– yo'
    Commented Jan 15, 2014 at 18:14

As the son of an ad man, I'd go with "Because the window is such a wonderful selling tool for the machine."

As an engineer, I'd go with "So you know whether there's a problem with unusually high water or suds level BEFORE you open the door and make a mess."

Neither of those is as much of an issue for a top-loader.


I think the comments in Mike's answer get the closest, but don't quite reach the reason. Most here seems to be forgetting that front-loading dryers also often have windows, so it's not solely a matter of the water.

This is something I have to deal with almost every single week:

The window lets me know beforehand when the spinning motion of the machine has accidentally piled my clothes up at the front of the machine. If I open the door without knowing the clothes were piled up, they are far more likely to fall out and onto the dirty floor. But because I can see them piled up as I approach the machine, I know they're positioned badly and I have to open the door slowly and catch them.

Dishwashers (hopefully) don't have anything flopping around where they can pile up against the door, so there's no need to see where everything is before opening the door.

  • My washing sometimes falls out, sometimes it doesn't. I have my hand there in any case. I don't need the glas window for indication, as I noticed yesterday.
    – uxfelix
    Commented Jan 16, 2014 at 8:38
  • @uxfelix and how did you learn that? Commented Jan 16, 2014 at 15:39
  • I just always put my hand underneath the door because every second time the washing looks like it won't fall out, it will.
    – uxfelix
    Commented Jan 16, 2014 at 15:50

I personally think it is for safety.

Since things move around there. What if some object accidently gets in there? A cat or a toddler? Or if something is left inside your clothes? Your cell phone. You would obviously catch a glimpse of it and turn the machine off.

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    Same with a red sock among the whites. Commented Jan 16, 2014 at 11:48
  • The same could be said of a dishwasher (which dangerous due to the high water temperature) - a cat or toddler could have snuck inside while your back was turned. I doubt you'd notice a cell phone in the washer before it's too late to save it from the water unless you are very lucky and it falls against the glass door.
    – Johnny
    Commented Jan 16, 2014 at 20:55
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    @Johnny Cellphones don't usually hang out on dishes, though. They prefer soft pockets. Commented Feb 6, 2014 at 15:14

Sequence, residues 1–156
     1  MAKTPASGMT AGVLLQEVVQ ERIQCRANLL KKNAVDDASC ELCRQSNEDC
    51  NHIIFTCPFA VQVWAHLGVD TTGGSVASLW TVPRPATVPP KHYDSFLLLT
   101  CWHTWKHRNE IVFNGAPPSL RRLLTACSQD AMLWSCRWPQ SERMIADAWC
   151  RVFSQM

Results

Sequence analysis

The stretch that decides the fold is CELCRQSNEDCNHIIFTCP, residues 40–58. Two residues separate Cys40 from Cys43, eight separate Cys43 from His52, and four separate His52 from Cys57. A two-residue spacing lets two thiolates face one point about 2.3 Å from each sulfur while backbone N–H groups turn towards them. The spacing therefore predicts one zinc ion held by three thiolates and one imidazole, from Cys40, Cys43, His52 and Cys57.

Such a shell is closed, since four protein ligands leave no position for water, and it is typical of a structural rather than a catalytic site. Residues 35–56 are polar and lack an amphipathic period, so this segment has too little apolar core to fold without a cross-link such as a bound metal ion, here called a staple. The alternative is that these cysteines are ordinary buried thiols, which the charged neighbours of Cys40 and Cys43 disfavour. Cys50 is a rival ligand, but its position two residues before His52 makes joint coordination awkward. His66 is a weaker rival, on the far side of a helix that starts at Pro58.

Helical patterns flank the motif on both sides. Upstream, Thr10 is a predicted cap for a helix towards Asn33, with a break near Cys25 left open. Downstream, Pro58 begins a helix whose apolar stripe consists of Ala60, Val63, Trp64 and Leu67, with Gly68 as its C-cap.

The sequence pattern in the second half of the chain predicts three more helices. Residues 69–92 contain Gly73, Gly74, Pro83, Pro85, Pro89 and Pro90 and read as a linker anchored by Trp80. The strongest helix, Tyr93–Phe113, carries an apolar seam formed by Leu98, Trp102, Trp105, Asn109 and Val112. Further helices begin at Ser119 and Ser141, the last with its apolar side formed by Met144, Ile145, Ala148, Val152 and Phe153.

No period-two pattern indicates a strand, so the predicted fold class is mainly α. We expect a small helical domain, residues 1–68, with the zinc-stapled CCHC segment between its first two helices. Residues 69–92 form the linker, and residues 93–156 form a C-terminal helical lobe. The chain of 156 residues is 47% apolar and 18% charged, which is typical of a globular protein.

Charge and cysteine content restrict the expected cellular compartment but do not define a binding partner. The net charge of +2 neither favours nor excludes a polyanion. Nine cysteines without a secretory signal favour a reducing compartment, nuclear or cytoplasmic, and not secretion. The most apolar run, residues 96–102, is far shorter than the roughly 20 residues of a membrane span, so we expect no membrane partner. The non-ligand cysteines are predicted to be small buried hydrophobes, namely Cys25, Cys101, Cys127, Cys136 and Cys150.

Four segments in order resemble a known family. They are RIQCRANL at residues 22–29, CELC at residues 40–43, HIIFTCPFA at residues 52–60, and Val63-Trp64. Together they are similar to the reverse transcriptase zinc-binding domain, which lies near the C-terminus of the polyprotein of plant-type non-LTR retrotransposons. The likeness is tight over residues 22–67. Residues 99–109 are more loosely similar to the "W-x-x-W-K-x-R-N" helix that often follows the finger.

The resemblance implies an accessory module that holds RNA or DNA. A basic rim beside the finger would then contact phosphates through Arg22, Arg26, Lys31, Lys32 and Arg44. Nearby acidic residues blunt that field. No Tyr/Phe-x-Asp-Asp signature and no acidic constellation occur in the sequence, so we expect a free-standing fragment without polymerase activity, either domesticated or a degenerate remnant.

I bet it's combination of two things:

  1. Front load washing machines were one of the few devices that both fill water higher than the door and people kept trying to open mid-cycle.
  2. Some company tried adding a window to increase sales and it stuck.

A few years ago, I lived in a room that shared common areas with many other housemates. Included in these common areas was a Maytag Neptune washer. This was the first front-loading washer that I have ever seen WITHOUT a window. It threw me for a loop. The basket does have a slight tilt to it (maybe 15-30 degrees upward, compared to most which are straight), but any decent load would tumble out of the basket when the door was opened. Without the window, I feared my laundry would leap out of the basket and on to the floor.


  • The controls were mounted above and to the rear of the washer unit (like most top-loaders).
  • The behavior of this washer was like most other front loaders, as in, the door locked, and fill was minimal.
  • The detergent compartment was on the top of the washer, accessible by lifting a door.
  • This was the only washer I've seen with a lit basket. Most dryers do this, but I've never seen a washer have a light.
  • This was one of the first residential washers that was a front-loader.
  • It took me a few months to realize why the model was called Neptune.
  • Neptune because, due to the lack of a window, it caused the user to spill water all over the place sometimes?
    – dotancohen
    Commented Jan 16, 2014 at 10:42
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    This isn't really an answer, it's just an anecdote about one situation you once had.
    – JonW
    Commented Jan 16, 2014 at 11:17
  • Why is it called Neptune, aside from the obvious Roman god of the sea mythological reference?
    – Johnny
    Commented Jan 16, 2014 at 20:59
  • What could possibly require additional references here? The respondent here is an eye-witness to everything in this post. He/she is the ultimate authority on where he/she lived, what his/her emotional response to the washing machine was, and what features his/her washing machine had. What kind of additional references could there possibly be? Asking for additional references and supportive citations makes no sense at all. Commented Mar 17, 2015 at 5:28